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First referenced in Article I, Section 10, Clause 3 of the United States Constitution, interstate compacts are the most formal mechanism available to policymakers seeking state-driven solutions to a wide range of policy challenges. Of all the tools available to state policymakers trying to work cooperatively across borders, interstate compacts are the most formal and perhaps the least understood.1 Compacts hold a unique place in American history for several different reasons. First, while the use of interstate compacts dates back to the founding of the country, the frequency with which they are used has expanded considerably over the last half century. Second, compacts provide state policymakers with a sustainable tool capable of promoting interstate cooperation without federal intervention. Third, interstate compacts can be used to address a wide range of policy challenges, ranging from insurance reform to environmental regulation and virtually everything in between. 

Congress slowly exercised its power of pre-emption to remove regulatory powers from state and local governments commencing from 1790 through the mid-1960s, when the pace accelerated. A significant number of acts contain mandates requiring state and/or local governments to initiate a compliance action(s) or impose prohibitions. No pre-emption mandate relief act has been enacted since 1996. This article focuses on the pre-emption acts signed by President Barack Obama since January 2009.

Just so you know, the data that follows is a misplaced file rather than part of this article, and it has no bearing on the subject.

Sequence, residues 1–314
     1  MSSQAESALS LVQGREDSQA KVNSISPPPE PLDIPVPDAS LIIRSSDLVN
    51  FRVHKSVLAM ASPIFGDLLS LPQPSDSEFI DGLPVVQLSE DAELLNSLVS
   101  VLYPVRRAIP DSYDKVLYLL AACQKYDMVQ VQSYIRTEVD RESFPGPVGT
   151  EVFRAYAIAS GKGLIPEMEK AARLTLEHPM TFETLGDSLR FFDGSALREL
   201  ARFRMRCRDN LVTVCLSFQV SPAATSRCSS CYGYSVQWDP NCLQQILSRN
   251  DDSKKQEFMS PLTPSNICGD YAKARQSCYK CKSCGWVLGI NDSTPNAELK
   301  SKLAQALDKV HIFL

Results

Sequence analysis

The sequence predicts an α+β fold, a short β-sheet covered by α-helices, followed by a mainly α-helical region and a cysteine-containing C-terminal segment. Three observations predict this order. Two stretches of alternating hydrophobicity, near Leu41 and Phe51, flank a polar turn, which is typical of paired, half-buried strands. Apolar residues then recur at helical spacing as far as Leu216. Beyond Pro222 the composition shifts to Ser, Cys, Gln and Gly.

In the relatively few state legislative and gubernatorial elections in 2011, Republicans continued their winning streak in Southern states, coming closer to complete control of states in the region by taking over the Mississippi House for the first time since Reconstruction and by taking back functional control of the Virginia Senate. The four odd-year election states of Louisiana, Mississippi, New Jersey and Virginia staged regular elections for 578 legislative seats in 2011. In the end, Republicans picked up 25 seats in the off-year elections, adding to their dramatic gains from the year before and putting the party in its strongest position in state legislatures since 1928.

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